Esmé Hogeveen
September 29, 2021, 6pm–7:30pm
Free + virtual program

Writing is an activity often based in solitude. What can be drawn from the writing process and all of its complexities when we open it up to a group discussion? In tandem with Union Gallery’s curatorial series What are you reading? and alongside Nurielle Stern and Nicholas Crombach's collaborative exhibition Whale Fall, we are thrilled to host a public discussion with Tkaronto/Toronto-based writer and editor, Esmé Hogeveen. This talk will reflect Esmé’s thoughts on cultivating an independent writing practice and some of the delights, challenges and compromises germane to contemporary art writing and publishing. Curiosity and question-asking are at the forefront of Esmé’s practice. Looking to engage students and emerging art writers, she will also propose strategies for developing dynamic research questions that can inform seeing and thinking about art, querying one’s own perspective, and then potentially pitching and writing for different audiences.

A recording and transcript of the event will be posted and available soon. Special thanks to the Provost's Promotion of the Arts at Queen's University for supporting this program associated with Whale Fall through the George Taylor Richardson Memorial Fund.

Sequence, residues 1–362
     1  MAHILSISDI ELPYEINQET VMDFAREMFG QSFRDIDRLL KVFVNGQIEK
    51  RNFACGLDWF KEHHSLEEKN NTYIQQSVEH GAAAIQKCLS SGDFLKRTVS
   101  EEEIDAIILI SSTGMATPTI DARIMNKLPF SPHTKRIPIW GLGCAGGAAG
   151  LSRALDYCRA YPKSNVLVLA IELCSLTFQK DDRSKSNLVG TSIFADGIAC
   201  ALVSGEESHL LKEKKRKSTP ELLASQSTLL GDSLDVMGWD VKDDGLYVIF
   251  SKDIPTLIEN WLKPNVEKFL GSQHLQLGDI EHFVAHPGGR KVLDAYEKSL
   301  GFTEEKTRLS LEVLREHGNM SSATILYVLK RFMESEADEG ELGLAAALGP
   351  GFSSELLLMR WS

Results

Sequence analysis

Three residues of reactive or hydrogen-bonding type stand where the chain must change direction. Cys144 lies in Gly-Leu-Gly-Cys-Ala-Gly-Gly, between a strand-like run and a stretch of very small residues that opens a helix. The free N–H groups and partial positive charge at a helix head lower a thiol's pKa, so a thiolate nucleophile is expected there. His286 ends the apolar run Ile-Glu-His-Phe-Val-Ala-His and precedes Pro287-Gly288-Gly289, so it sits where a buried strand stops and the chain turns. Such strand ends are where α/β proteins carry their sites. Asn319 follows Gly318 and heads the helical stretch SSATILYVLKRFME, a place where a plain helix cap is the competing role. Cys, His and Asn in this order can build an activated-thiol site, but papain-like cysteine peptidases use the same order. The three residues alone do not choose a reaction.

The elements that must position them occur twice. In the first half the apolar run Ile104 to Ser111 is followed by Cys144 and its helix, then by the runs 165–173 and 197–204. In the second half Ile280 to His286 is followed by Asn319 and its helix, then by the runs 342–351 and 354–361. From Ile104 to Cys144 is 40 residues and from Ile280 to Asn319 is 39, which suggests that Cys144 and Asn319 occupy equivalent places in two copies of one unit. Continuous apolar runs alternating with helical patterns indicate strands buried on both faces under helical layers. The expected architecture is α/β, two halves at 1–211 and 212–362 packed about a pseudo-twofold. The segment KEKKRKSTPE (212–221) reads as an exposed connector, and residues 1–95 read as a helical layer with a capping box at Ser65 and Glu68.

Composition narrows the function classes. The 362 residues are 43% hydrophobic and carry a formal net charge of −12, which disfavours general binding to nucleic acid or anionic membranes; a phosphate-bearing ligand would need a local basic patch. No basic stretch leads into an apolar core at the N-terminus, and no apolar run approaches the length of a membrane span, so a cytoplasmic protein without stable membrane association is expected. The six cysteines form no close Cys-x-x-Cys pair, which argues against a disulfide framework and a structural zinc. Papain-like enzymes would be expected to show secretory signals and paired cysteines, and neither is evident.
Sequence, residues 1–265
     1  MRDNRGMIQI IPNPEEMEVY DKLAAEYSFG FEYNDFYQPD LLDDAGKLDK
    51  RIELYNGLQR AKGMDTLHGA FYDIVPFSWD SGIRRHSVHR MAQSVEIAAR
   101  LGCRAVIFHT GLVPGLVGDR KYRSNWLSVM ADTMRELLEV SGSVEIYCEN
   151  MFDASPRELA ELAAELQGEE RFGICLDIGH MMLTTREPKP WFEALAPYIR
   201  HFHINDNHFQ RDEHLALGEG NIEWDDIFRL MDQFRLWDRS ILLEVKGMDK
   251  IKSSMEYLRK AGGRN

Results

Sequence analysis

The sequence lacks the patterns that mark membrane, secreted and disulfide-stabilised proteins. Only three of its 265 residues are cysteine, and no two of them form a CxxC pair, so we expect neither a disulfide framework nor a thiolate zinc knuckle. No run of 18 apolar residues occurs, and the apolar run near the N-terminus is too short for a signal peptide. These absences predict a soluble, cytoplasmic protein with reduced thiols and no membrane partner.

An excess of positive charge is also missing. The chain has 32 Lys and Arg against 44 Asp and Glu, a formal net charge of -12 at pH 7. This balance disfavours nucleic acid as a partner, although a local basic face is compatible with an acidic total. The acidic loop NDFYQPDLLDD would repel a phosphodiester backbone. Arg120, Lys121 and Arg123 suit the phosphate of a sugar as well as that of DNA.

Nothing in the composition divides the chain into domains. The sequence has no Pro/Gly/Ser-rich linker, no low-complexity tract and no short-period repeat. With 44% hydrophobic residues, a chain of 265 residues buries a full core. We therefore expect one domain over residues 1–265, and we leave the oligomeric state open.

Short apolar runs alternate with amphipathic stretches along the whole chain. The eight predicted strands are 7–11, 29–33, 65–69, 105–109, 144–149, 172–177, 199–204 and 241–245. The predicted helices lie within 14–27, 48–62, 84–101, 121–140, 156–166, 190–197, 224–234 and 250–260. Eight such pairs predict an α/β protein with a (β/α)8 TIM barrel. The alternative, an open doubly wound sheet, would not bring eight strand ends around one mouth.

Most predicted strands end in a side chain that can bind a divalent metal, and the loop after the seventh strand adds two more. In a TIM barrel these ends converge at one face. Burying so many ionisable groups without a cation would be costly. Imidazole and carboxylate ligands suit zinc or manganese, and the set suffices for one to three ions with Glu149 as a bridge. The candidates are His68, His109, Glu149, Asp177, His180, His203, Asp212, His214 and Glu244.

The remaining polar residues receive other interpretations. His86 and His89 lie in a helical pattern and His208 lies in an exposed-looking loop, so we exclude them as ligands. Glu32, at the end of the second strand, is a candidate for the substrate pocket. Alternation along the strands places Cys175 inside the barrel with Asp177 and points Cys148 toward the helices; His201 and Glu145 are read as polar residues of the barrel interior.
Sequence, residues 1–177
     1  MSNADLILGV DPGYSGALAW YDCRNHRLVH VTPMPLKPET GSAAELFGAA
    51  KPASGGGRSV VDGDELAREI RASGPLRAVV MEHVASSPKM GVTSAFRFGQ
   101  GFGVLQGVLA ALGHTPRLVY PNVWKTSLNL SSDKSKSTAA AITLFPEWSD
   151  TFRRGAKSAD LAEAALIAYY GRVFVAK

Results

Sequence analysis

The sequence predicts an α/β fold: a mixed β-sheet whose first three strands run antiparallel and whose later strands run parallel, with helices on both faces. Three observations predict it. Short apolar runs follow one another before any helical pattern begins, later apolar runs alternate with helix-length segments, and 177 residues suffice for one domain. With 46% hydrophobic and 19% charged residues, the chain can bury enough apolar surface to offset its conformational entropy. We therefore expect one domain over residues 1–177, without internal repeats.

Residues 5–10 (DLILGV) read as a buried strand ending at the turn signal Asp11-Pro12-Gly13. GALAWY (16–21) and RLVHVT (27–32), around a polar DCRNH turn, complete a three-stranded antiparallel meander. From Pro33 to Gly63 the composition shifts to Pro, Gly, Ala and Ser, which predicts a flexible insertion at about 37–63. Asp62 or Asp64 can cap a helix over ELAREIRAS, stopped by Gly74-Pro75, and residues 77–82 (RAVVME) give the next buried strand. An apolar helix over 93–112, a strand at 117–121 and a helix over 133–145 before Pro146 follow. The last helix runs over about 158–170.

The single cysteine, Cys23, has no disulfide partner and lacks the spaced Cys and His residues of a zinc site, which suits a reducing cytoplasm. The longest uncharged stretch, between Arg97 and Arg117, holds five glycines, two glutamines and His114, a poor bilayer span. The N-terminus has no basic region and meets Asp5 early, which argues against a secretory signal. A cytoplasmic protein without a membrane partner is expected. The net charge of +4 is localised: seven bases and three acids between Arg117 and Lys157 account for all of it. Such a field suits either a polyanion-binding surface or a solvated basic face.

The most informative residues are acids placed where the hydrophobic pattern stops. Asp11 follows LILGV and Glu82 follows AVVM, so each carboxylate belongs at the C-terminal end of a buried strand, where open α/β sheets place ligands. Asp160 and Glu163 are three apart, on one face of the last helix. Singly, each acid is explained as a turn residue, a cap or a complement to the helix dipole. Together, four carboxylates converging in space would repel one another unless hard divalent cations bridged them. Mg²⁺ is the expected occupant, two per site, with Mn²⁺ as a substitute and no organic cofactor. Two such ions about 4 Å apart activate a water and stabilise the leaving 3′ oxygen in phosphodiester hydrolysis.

Image: Nicholas Crombach and Nurielle Stern, Whale Fall (detail), 2019 | Photo: Mike Patten

Suggested Readings:

  • Esmé Hogeveen, “Ripples and Divinations: Whale Fall as Immersive Cabinet of Curiosities,” Catalogue Essay, Whale Fall: Nurielle Stern and Nicholas Crombach, Canadian Clay and Glass Gallery, 2019
  • Esmé Hogeveen and Emma Sharpe, co-editors, “Tell Us What You Really Think: A Survey on the Landscape of Canadian Art Criticism,” C Magazine, Issue 145, 2020
  • Esmé Hogeveen, “Going Medieval on Your Gram,” The Baffler, February 2, 2021

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    Esmé Hogeveen

    Esmé is a writer and editor based in Tkaronto/Toronto. She is a staff writer at Another Gaze and a Film and ArtSeen contributor at The Brooklyn Rail. Her writing on art, film, culture, and aesthetics has appeared in Artforum, Bookforum, The Baffler, BOMB, Frieze, Hazlitt, Hyperallergic, GARAGE, Canadian Art, C Magazine, Texte zur Kunst, cléo film journal, and The LA Review of Books, among others. She holds a MA in Critical Theory and Creative Research from the Pacific Northwest College of Art and is a lapsed PhD candidate.